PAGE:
The UK’s financial regulatory authority has issued a statement reminding member firms to update their disclosure which states who their regulator is. The new authority over took the Financial Services Authority on April the 1st 2013 after the government’s decision to re-assess the financial and banking regulatory process post credit crisis (2008).
The Financial Conduct Authority has given firms a transition period of six months. During this time period firms are expected to address all marketing and company documentation to ensure that they correctly state the FCA. On the regulators website, the FCAs statement of 1st of May explains, “Following the creation of the FCA and PRA and the renaming of the public Register, we expect firms to review their documents and other disclosures as a priority, to ensure they are up-to-date and accurate, so as not to confuse or mislead consumers.”
The FCA feels it has to remind firms as there are specific European Laws that need to be addressed without delay, these include; the Payment Services Regulations 2009 and in the FCA’s Handbook certain provisions in COBS 5, COBS 6, COBS 9 and COBS 13.
London being a financial epicentre means that the FCA is constantly under the radar. As the UK’s capital, London, is recognised as the worlds financial capital, in the FX space London is home to around 37% (BIS Survey 2010) of the worlds FX trading. Positioned in between time-zones the UK attracts traders from across the globe. VP of trading Joe Bond from Abshire-Smith a UK based financial services broker says, “London is an internationally recognised global leader in financial regulation, and the development of the FCA should ensure this capitals position remains.”
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After the 2008 credit crisis the US regulator made drastic changes to the way margin products were offered, reduction to the leverage offered by firms was the most significant change. As a result, the larger US firms such as Gain Capital, Oanda, FXCM and CMS FX diverted their operations to the UK under the FSA thus highlighting London’s position as an attractive first class jurisdiction for foreign firms to invest and operate under. The London stamp had the stamp effect in other regions, Japanese and Indonesian brokers were seen setting shop in London.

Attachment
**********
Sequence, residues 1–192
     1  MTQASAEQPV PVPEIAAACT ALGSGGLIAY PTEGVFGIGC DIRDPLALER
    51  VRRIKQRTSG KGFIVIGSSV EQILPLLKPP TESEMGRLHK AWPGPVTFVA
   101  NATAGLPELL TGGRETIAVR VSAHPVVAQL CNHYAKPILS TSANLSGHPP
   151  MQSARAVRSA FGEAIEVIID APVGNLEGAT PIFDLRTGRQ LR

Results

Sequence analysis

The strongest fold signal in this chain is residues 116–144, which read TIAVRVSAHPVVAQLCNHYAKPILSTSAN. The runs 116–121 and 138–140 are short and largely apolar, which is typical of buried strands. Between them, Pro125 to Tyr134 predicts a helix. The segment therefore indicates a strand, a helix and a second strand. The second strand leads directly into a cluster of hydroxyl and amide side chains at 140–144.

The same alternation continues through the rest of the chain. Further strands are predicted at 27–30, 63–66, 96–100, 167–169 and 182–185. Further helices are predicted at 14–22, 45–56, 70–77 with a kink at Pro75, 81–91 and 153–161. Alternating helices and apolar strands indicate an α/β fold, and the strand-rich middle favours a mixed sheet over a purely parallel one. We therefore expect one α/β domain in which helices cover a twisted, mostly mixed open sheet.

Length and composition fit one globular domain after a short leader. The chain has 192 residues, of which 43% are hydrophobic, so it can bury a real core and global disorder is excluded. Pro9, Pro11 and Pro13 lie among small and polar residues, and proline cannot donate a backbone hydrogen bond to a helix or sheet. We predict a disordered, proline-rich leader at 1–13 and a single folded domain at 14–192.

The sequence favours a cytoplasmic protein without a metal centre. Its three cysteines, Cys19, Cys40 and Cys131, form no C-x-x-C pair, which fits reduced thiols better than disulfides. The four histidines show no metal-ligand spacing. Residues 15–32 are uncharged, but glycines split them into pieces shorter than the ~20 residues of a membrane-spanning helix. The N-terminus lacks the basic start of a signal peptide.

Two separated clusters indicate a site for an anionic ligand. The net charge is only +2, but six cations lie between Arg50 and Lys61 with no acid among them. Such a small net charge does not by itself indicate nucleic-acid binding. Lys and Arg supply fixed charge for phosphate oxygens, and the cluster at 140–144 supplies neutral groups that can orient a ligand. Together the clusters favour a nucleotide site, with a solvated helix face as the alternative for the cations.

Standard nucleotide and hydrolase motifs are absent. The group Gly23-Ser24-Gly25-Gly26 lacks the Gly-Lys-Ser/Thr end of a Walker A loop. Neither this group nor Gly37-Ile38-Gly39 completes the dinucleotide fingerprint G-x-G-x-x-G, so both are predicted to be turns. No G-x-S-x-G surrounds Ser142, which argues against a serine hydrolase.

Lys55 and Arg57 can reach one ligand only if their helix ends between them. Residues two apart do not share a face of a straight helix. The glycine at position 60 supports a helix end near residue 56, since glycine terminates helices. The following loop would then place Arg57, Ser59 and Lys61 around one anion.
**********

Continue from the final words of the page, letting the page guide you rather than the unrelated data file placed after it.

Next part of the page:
Richard Sinton-Hewitt, Head of Trading at Alpha Capital markets adds, “‘The significant power the FCA has been grated over the FSA is continuing to improve the regulatory environment in the UK, giving foreign investors the confidence to put their money back into the City.”
The FCA takes over the FSA with similar aims and objectives, the regulators key functions are to;
- to secure an appropriate degree of protection for consumers;
- to protect and enhance the integrity of the UK financial system; and
- to promote effective competition in the interests of consumers.
In addition, the FCA is also obliged to discharge its general functions in a way that promotes competition. London’s status as the FX hub has meant that the whole eco-system that drives growth and innovation in the sector is present, from brokers to liquidity providers to platform vendors and compliance consultants. If the FCA can continue the London legacy then more development both from number of participants to sophistication of products will be prevalent under the London brand. Kevin Millien CEO of Boston Prime FX a UK regulated prime of prime concludes,”The FCA is clearly taking a very active role in shaping the evolving regulatory landscape in the FX market. I believe that their progressive and pragmatic approach will not only lead to an increased safety and security for traders who are doing business with FCA-regulated firms, but it will also distinguish these firms – who choose to do business under a well-defined regulatory framework with significant oversight – from firms who operate with little or no regulatory scrutiny.”